Emails in Perl

Perl is a powerful script language that's been around since the eighties. On Perl modules can be found for almost any task imaginable. Unfortunately some of those modules are poorly maintained, or simply poorly written to begin with.

When you find yourself wanting to send emails in a Perl script, there are lots and lots of different Perl modules to choose from. I recently tried the Email::Sender modules, together with TryCatch for handling any errors. Unfortunately the startup time for my small Perl script increased from milliseconds to several whole seconds when I added usage of those modules, since Perl had to compile the modules every time the script was called. Not ideal for a script that is meant to be called once every minute.

The solution to my problem turned out to be the Unix/Linux command line email client that is simply called mail. Modifying my Perl script to do a system call instead of using any Perl modules caused the startup time for my script to drop down to milliseconds again. Here's my subroutine for sending emails:

use Encode qw/encode decode/;

sub sendMail {
  my ($self, $to, $subject, $message) = @_;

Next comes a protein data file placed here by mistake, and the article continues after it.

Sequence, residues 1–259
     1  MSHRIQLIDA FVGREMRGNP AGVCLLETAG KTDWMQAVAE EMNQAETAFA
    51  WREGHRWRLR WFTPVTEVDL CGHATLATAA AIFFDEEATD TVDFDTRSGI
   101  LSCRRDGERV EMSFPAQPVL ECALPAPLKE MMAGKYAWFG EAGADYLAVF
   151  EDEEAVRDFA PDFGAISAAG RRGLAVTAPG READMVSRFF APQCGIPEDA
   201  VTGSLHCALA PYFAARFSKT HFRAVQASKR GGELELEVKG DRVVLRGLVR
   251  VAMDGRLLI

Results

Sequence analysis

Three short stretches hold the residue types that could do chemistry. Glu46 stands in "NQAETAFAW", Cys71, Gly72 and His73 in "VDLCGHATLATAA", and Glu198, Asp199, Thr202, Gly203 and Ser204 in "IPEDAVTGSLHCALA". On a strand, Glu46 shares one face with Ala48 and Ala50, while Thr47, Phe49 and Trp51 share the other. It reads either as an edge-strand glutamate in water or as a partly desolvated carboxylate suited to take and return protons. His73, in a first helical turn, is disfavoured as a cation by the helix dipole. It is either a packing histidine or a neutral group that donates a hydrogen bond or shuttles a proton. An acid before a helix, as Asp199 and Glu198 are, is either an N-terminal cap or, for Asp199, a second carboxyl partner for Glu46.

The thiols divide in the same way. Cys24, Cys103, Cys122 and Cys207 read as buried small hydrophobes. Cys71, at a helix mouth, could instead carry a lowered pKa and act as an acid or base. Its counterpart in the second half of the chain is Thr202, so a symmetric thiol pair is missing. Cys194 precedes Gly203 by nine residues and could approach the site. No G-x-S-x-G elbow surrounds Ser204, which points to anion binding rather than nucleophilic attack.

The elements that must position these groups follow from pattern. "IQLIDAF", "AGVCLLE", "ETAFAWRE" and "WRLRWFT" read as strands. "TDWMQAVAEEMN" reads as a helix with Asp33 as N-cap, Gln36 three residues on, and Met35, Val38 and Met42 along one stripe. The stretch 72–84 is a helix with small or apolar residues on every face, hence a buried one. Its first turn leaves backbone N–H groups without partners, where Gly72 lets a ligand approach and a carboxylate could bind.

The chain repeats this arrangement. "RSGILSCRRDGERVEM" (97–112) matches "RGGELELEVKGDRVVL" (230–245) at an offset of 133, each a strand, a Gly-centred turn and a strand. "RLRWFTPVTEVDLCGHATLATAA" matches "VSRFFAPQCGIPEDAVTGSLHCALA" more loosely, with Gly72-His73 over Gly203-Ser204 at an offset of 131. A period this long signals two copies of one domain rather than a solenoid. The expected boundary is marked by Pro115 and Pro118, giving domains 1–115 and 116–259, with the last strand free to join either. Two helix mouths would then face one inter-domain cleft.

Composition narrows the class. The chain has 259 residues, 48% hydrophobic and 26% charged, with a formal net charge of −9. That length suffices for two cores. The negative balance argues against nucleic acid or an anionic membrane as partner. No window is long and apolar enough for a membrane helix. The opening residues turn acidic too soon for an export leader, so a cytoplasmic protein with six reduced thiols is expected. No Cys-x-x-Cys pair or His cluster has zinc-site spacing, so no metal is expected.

open(MAIL, '| mail'.
    ' -s "'.encode('MIME-Q', decode('UTF-8', $subject)).'"'.
    ' -a""'.
    ' -a"Content-Type: text/plain; charset=UTF-8"'.
    ' "'.$to.'"')
    || die "Failed to mail: $!\n";
  print MAIL $message;
  close MAIL;
  my $exit = $? >> 8;

  return $exit;

I'm using swedish characters in the mails, therefore I make sure to use UTF-8 encoding. However, standards dictate that no special characters should be used in the subject header of emails, only the lower ASCII characters are allowed. Most servers and clients handle misformed subject headers without problem, but spam filters might downrate non-conformant mails, as can be seen in this excellent mail-tester:

In order to conform to standards regarding the subject header, I use the MIME-Q encoding for the subject string, instead of UTF-8.

The -s argument to mail sets the subject string, and the -a argument sets any header you want. I use -a to change the address displayed in the From field of the email. Otherwise the default address for the user calling the Perl script would be used.

In the end, my subroutine returns the exit value from mail, which is hidden in the variable $? after closing the system call.

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